How to Get a Cat to Like You: Bonding Made Easy

Published December 29, 2020
Cat greeting owner with affectionate licking

Ever wonder how to get a cat to like you? Every cat is different, and sometimes it takes a lot of work to get a cat to like you. Pet parents need to understand cat greetings to get to know their feline buddy. The general rule is to respect your cat's individuality.

How to Get a Cat to Like You

Cat lovers need to start with their new best friend's environment. Every cat needs a litter box, a place to sleep and rest, a scratching post, and a food station. After the essentials are in place, it is time to work on your relationship. How you greet and communicate with your kitty makes a big difference.

Let Your Cat Come to You

Not every cat may want to jump in your lap. Some cats like to be near you but from the cat cave. Cat lovers decrease anxiety and stress if they respect their new feline friend and give him space. Pet parents may think a snuggle is on the agenda, but a headbutt from your cat takes time.


Observe your cat's behavior and in a journal and take notes about when your cat approaches you. Pet parents need to communicate with their kitty by offering high-value treats when a play session ends on a high note. The tasty snack may win a cat's affection. Positive reinforcement is the number one way to win your cat's trust.

Human Emotion

Cats can easily read human emotions, and any negative energy trickles down to your companion animals. If you hesitate before petting a cat, they may not trust you. If you are fearful, a cat may sense that and think twice before offering a friendly purr or headbutt.

Body Language

How you approach a cat can make or break the relationship. Pet parents may find this difficult, but the best way to win your cat over is to ignore him. Let the cat come to you. It does not take long for a cat to warm up to a family member when they know it is safe to initiate a greeting. Your cat offers many body postures to show they trust you.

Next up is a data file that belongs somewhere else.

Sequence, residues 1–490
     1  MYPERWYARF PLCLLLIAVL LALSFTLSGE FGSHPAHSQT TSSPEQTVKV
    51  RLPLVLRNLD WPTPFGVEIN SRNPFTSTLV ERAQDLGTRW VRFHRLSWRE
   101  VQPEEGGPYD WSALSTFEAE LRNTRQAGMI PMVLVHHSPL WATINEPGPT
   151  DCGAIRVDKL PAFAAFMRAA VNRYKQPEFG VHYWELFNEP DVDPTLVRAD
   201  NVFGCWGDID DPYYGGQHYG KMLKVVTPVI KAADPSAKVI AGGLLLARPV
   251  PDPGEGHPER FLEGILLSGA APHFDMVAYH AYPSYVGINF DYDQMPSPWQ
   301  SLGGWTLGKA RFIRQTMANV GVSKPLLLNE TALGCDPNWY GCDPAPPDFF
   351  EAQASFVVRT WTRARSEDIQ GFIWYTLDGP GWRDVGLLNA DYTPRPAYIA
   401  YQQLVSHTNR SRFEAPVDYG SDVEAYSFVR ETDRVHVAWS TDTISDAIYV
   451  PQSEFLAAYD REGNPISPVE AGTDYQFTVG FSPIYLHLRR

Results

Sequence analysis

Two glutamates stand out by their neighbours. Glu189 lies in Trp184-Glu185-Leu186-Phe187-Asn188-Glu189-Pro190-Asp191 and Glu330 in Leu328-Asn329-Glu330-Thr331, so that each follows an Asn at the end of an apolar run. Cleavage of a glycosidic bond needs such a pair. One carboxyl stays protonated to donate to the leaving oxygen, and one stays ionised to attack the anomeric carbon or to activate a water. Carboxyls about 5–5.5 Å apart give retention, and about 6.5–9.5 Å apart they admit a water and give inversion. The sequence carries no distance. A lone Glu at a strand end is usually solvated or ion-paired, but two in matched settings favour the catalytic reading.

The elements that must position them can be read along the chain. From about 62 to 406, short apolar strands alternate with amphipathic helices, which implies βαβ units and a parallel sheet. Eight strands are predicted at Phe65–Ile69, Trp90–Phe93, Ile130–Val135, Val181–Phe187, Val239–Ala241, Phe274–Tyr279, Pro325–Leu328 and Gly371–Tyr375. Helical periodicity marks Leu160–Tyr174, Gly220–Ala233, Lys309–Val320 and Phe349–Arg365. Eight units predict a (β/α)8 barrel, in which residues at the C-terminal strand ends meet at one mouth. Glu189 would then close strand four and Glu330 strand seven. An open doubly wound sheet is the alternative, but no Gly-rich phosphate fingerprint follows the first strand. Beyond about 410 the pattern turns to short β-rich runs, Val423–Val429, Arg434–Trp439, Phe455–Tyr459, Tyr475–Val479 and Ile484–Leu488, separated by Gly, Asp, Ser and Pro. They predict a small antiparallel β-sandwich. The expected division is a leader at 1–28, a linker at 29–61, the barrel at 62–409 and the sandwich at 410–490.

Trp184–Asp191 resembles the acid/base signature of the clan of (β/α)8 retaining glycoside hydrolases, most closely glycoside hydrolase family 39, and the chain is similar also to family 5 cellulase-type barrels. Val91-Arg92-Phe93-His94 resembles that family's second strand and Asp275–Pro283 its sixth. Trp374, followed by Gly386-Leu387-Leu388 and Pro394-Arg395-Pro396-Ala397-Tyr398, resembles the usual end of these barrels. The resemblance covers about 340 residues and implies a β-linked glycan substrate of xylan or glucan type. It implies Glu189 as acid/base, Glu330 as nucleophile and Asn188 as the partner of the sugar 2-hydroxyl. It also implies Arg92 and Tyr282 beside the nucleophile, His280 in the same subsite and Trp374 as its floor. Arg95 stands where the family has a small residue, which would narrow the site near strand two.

• All legs are relaxed
  • Lying flat on their back
  • Visible belly
  • The tail is held up straight, and the tip is slightly bent

Stay Calm

Never startle your cat and stick to predictable behavior when you both are in the same room. Your cat needs to know what to expect when around family members. Pet parents with a calm demeanor anytime they're in the room with their feline buddy increases the chance of a kitty greeting. You gain a cat's trust after they know for certain they can safely approach you.

Cat Greetings

If you want to greet your cat properly, there are some easy ways to communicate how much you love him. Always act calm and quiet around your new kitty.

  • If you gaze at a cat and he offers a slow blink, you need to blink back.
  • Offer your feline buddy anything that smells like you when you leave the house and when you return, and there may be a party.
  • Take one finger and let your cat sniff it, and if he pushes into your finger with his nose, consider this a cat handshake.

Let Your Cat Call the Shots

The best technique to win your cat over is to offer him the opportunity to greet you on his terms. A cat can read a pet parent's mood and energy, keep every interaction positive, and get rid of any baggage before you initiate a play session. All pet parents need to learn appropriate cat greetings and stay calm. You need to earn your feline's love and respect.

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How to Get a Cat to Like You: Bonding Made Easy